Witnesses unclear whether the protester was wounded by a direct shot or a ricochet.
Demonstrator hurt as Omani troops fire into air
SOHAR // Omani troops fired into the air near the port in Sohar yesterday, wounding one protester, as they tried to clear a fourth day of protests by demonstrators who want jobs and political reforms, witnesses said.
It was not clear whether the protester was wounded by a direct shot or a ricochet. "The army shot in the air and suddenly one of the protesters fell. I am not sure how he was shot. He could have been a stray bullet because several rounds were shot in the air by the army," a witness said.
"Many people ran. The man who was shot [had] come to calm the army down", said one protester, who declining to be named. The operation went peacefully and Omani forces drove away protesters who had been keeping vigil at the Earth Roundabout, a landmark intersection in Sohar.
The security forces initially pushed away protesters from the main coastal highway that links Muscat to Sohar, 200 kilometres northwest from the capital. But protesters continued to deploy trucks blocking access from the port to nearby aluminium and petrochemical factories, AFP reported.
Armoured vehicles deployed at the Earth Roundabout, where protesters had kept vigil for a third consecutive night.
The unrest in Sohar, Oman's main industrial centre, was a rare outbreak of discontent in Oman, which has been ruled by Sultan Qaboos bin Said for four decades. Protesters insist they are not challenging the rule of Sultan Qaboos, but are merely calling for jobs and reform.
Protests were also reported yesterday in the southern port of Salalah and the northwestern oasis region of Buraimi, witnesses said.
In Salalah some 200 people demonstrated outside the office of the governor of Dhofar province, demanding and increase in wages and benefits, while dozens of protesters staged a similar rally in Buraimi.
The sultan on Sunday promised 50,000 jobs, unemployment benefits of 150 rials a month and to study widening the power of the elected Shura Council, which now only advises the government. On Monday, he issued two decrees. One set up an independent consumer protection watchdog and the other declared that he prosecutor general office would no longer report to the interior ministry.
"We see the two royal decrees as part of the new reforms and we are confident His Majesty will announce more reforms. Next we want him to consider an elected government and a constitution change," said Dr Zakaria al Mharmi, a medical practitioner at Sultan Qaboos University Hospital and one of the protesters.
He said the he was concerned about the wounded protester, but "I urge the protesters to be peaceful and the authorities not to react violently. We cannot achieve anything in a situation such as that."
Other protesters were pleased by the decrees, hopeful that the consumer protection agency would curb on inflation. "One of our demands is to control rising prices because retailers were not checked. We hope that the new agency will make sure retailers don't take unfair advantage of consumers," said Suleiman Al Haremy, a Muscat-based protester.
Legal experts also welcomed the autonomy for the prosecutor general. They said the change would make it easier for that office to prosecute government officials accused of corruption.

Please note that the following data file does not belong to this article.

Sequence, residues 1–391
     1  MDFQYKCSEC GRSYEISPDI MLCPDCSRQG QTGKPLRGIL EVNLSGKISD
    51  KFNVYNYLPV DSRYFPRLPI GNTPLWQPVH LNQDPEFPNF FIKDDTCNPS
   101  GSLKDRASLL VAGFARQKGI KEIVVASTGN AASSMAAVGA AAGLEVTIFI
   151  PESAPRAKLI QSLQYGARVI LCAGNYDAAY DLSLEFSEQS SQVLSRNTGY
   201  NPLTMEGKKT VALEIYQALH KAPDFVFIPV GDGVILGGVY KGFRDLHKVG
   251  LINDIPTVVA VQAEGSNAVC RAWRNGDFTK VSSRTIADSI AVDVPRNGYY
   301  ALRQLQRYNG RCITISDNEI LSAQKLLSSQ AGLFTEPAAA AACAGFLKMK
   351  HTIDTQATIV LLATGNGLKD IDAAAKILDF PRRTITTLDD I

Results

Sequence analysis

"This decision will stop the abuse of well-connected people in the government who use their influence to quash convictions against corruption on them," said Faisal Al Siyabi, a legal consultant at Abu Fahmi Auditing.
On Monday, hundreds of demonstrators blocked roads to the port in Sohar and looted a supermarket after setting it on fire. Security forces and protesters also clashed there Sunday. A doctor said six people had been killed in the violence. Oman's health minister said one person had been killed and 20 wounded.
Yesterday, protesters, numbering about 200, also gathered outside the Shura Council headquarter in Muscat for the second day in a row carrying placates saying. "We want more salaries," "marriage fund" and "jobs for all."
But the largest crowd, about 2000 people, gathered outside Oman's biggest mosque, the Grand Mosque, in the heart of the capital, to show their allegiance to Sultan Qaboos, chanting "Long live Qaboos," "no to violent protesters," and "Omanis are dignified people."
"I think protesters should now stop it since the government has already made many concessions," Sadiq al Lawati, a 33-year old banker said.
The Associated Press reported yesterday that Omani troops were massing near the border with the United Arab Emirates. However, a government spokesman said he knew nothing about such a troop movement and witnesses in the area reported no sign of military activity.
The violence has prompted the United States and human rights watchdog Amnesty International to call for restraint. "We have been in touch with the government and encouraged restraint and to resolve differences through dialogue," State Department spokesman Philip Crowley said Monday in Washington's first reaction to the unrest. Also Monday, Amnesty urged Oman, which it said has "used excessive force", to rein in its security forces and order "an immediate independent investigation". "The government must respect the right of people to engage in peaceful protest and ensure that they can do so without fear or threat," said Malcolm Smart, the director of the group's regional programme.
*With additional reporting by Agence France-Presse, Reuters and the Associated Press